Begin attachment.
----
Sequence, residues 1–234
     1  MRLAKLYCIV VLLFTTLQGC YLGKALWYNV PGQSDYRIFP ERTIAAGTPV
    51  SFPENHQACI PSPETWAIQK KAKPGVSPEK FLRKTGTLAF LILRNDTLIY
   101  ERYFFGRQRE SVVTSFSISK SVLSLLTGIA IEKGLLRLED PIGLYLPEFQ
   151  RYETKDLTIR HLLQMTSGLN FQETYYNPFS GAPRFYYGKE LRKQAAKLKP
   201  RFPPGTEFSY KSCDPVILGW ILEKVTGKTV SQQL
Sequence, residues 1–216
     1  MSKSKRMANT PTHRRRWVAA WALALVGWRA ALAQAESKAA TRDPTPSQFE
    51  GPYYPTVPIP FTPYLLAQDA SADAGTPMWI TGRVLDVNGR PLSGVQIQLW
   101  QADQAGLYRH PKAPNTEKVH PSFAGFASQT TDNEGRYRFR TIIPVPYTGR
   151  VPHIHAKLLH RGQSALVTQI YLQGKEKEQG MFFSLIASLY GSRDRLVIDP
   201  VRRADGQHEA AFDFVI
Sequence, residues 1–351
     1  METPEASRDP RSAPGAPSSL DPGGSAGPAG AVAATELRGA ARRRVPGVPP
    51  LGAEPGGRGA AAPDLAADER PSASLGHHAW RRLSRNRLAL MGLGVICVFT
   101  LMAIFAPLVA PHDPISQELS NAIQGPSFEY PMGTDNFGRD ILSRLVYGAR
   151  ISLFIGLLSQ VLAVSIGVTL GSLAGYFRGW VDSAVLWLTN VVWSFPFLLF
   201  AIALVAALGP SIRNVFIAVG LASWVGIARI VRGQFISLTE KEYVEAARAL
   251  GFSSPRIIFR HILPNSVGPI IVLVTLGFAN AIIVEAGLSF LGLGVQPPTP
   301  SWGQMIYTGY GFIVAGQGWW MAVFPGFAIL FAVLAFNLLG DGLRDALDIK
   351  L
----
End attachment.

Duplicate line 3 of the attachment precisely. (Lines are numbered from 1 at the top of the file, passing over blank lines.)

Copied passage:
    51  SFPENHQACI PSPETWAIQK KAKPGVSPEK FLRKTGTLAF LILRNDTLIY